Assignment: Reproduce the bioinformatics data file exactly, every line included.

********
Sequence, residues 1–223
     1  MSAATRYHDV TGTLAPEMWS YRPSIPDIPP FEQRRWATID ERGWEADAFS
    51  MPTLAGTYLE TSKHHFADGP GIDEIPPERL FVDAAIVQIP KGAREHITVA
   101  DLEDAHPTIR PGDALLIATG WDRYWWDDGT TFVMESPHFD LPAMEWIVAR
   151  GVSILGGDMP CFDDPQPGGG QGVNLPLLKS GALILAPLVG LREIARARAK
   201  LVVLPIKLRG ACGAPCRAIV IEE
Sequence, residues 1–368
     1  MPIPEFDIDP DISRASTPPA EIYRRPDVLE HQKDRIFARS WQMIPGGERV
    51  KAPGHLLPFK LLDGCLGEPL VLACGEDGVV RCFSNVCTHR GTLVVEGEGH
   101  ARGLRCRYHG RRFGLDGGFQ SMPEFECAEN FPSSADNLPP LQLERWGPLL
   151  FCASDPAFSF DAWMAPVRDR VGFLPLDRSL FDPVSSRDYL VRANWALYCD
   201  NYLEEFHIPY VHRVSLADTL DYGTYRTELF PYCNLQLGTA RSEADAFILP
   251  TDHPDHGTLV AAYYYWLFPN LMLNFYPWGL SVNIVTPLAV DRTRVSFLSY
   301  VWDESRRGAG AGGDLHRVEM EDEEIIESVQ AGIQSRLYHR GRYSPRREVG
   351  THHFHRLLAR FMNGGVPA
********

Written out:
Sequence, residues 1–223
     1  MSAATRYHDV TGTLAPEMWS YRPSIPDIPP FEQRRWATID ERGWEADAFS
    51  MPTLAGTYLE TSKHHFADGP GIDEIPPERL FVDAAIVQIP KGAREHITVA
   101  DLEDAHPTIR PGDALLIATG WDRYWWDDGT TFVMESPHFD LPAMEWIVAR
   151  GVSILGGDMP CFDDPQPGGG QGVNLPLLKS GALILAPLVG LREIARARAK
   201  LVVLPIKLRG ACGAPCRAIV IEE
Sequence, residues 1–368
     1  MPIPEFDIDP DISRASTPPA EIYRRPDVLE HQKDRIFARS WQMIPGGERV
    51  KAPGHLLPFK LLDGCLGEPL VLACGEDGVV RCFSNVCTHR GTLVVEGEGH
   101  ARGLRCRYHG RRFGLDGGFQ SMPEFECAEN FPSSADNLPP LQLERWGPLL
   151  FCASDPAFSF DAWMAPVRDR VGFLPLDRSL FDPVSSRDYL VRANWALYCD
   201  NYLEEFHIPY VHRVSLADTL DYGTYRTELF PYCNLQLGTA RSEADAFILP
   251  TDHPDHGTLV AAYYYWLFPN LMLNFYPWGL SVNIVTPLAV DRTRVSFLSY
   301  VWDESRRGAG AGGDLHRVEM EDEEIIESVQ AGIQSRLYHR GRYSPRREVG
   351  THHFHRLLAR FMNGGVPA